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Saturday, November 17, 2012

The primitive pharmacologist

Primitive people at some point, by trial and error, learned that certain herbs mixed in certain ways, were poisonous.  The same way we might feel about a killer, primitive man loathed the poisoner because poison involves the death of a person without the chance to put up a fight.

In Homer's Odyssey the poisoner was referred to as the pharmakos, which means a poisoner, sorcerer or magician.  The origin of the verb the word "drug" is derived from is still debated, and possibly it means one of two things:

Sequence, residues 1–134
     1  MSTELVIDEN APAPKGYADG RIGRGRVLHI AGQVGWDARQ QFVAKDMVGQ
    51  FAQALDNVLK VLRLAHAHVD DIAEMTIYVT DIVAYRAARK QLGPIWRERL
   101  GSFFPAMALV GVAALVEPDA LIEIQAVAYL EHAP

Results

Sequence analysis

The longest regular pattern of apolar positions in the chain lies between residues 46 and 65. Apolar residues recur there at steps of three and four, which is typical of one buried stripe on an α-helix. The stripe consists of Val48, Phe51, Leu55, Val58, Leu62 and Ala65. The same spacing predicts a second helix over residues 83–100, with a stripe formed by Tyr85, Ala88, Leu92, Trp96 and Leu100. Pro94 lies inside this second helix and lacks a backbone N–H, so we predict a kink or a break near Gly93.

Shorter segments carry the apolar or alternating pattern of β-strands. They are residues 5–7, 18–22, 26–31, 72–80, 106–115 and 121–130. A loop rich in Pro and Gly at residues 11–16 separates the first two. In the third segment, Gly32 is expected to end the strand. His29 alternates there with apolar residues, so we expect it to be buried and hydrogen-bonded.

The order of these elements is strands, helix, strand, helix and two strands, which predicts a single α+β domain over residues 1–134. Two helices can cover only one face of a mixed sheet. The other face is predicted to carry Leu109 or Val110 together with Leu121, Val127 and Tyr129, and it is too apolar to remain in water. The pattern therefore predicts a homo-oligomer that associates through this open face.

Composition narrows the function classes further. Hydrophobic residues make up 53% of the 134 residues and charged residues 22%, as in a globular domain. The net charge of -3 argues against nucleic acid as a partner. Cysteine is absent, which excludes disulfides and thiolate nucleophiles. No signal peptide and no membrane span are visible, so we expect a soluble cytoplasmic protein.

1. To give drugs of poisons
  2. To drive away evil spirits with blows
Regardless, it probable the "original pharmacologist was eyed with suspicion."  (1, page 24)  To put this into perspective, primitive medicine involved superstition, which was inculcated by the medicine man.  

  1. Garrison, Fielding Hudson, "An introduction to the history of medicine," 1920,  Philadelphia, W.B. Saunders Company

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